More weight means more muscle, right, but a new study published in the journal of international sports medicine suggests that light weight alternation is the best way to increase muscle strength.
The researchers followed 19 men after completing an eight-week strength-training course. Half of it is done according to the traditional weekly intensity plan, which can be made up to eight to 12 times per combo weight. The rest of us to adjust the weight: they work on the first day increased from 2 to 4 weight close to the largest weight, weight is moderate for 8 to 12 the next day, on the third day weight for 20 to 30.
Although both groups had great benefits, the biceps and triceps increased in weight players and improved muscle endurance. They can also gain more in the game. (the researchers expect similar results for women)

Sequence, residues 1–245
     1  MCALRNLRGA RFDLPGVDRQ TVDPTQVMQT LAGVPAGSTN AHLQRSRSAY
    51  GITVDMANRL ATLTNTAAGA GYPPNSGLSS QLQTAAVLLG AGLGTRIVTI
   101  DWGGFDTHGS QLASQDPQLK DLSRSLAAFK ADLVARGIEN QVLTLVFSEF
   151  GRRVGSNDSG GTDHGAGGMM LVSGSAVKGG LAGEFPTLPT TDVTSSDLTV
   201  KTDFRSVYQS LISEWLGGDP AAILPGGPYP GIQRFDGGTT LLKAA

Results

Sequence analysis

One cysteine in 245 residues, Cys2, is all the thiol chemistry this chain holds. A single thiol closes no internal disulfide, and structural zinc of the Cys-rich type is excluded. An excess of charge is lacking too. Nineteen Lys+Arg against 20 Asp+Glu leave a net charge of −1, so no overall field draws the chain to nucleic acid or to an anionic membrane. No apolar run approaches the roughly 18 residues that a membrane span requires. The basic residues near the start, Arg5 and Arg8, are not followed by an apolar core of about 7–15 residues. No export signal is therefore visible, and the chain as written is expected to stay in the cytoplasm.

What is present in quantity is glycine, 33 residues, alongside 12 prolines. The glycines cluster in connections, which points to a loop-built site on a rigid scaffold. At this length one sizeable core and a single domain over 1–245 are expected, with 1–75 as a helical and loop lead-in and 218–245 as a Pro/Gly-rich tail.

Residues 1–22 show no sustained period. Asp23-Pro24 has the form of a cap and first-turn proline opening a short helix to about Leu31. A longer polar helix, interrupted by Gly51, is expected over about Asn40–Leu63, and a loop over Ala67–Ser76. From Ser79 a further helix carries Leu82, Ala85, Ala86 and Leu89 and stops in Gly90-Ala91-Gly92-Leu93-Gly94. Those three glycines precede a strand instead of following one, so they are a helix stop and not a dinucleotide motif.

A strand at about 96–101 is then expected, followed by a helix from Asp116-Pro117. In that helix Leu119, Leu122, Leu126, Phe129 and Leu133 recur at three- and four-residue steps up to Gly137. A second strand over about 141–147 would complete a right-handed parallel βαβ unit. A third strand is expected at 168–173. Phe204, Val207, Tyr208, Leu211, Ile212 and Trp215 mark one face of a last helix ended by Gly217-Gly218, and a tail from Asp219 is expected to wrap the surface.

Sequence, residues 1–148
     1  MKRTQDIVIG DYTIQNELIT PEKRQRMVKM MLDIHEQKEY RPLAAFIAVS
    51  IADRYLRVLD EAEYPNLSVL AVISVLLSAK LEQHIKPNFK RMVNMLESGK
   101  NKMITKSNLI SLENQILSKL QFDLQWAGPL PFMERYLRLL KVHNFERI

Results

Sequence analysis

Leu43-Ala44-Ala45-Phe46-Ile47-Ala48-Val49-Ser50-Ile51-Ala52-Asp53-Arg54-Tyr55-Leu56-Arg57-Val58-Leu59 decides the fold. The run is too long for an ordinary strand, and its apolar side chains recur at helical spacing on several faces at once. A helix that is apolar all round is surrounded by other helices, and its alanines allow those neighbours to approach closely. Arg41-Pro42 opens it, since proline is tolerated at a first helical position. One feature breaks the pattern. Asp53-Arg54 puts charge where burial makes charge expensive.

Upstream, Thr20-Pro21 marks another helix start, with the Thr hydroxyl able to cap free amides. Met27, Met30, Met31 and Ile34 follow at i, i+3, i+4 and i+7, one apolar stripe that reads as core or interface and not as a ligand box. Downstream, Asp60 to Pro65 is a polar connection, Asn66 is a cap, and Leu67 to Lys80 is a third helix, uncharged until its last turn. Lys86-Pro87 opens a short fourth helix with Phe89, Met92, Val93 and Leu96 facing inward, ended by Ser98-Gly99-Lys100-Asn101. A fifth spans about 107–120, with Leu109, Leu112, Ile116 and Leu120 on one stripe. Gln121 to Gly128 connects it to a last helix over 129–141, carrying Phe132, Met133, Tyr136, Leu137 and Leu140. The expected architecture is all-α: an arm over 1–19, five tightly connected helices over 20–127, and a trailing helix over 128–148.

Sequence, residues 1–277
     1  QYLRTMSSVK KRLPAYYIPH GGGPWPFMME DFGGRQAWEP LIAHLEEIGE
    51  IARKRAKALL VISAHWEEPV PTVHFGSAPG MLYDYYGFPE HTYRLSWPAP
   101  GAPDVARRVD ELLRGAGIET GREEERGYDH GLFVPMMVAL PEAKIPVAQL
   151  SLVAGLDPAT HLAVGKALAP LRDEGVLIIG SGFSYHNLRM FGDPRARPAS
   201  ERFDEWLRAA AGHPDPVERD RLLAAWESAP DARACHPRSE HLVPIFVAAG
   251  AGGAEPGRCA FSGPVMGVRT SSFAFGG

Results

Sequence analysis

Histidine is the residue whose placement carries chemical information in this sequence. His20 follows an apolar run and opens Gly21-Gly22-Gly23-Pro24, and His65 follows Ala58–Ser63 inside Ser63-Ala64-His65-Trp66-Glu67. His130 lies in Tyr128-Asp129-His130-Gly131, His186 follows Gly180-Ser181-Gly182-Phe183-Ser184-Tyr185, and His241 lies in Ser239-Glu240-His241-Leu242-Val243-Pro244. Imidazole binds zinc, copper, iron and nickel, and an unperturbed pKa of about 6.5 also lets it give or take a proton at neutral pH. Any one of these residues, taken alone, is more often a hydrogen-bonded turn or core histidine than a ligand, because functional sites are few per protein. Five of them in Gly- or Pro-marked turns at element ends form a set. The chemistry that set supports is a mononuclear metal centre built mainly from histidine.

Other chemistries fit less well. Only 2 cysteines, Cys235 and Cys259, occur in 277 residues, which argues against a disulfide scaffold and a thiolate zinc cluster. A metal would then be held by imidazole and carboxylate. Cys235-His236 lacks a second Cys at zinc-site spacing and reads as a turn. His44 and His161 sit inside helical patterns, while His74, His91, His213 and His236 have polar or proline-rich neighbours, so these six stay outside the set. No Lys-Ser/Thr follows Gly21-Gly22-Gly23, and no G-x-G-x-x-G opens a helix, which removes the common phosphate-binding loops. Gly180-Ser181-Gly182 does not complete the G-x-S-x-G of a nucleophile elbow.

Why is that? Lifting light and heavy muscle fibers is more extensive than lifting medium-weight muscle fibers alone, said Dr. Brad Schoenfeld, an assistant professor of sports science at lehman college in New York.
Let’s explain: your muscle fiber comes in two flavors: 1 and 2. While a type 1 fiber is best for light load and is responsible for endurance exercise, like lifting a small dumbbell 20 to 30 times, he says, make your 2 fibers work. By tapping these two types of muscle fiber, you’ll get all the benefits: size, strength and endurance.
To get the most out of your strength training, Schoenfeld recommends using a series of weights and representatives to exercise. But, he says, you don’t need to change things every day to reap the benefits of different weights. Alternating weights based on weekly or monthly basis will bring you similar benefits – plus, they make your workouts easier to track.
In a week or a month, try to increase the approximate maximum weight, one to five times per group. Next, transition to a moderate weight, 8-12 times per group. For your last cycle, he says, lift a light weight, 15 times each. Then, bask in the glory of your awesome muscles.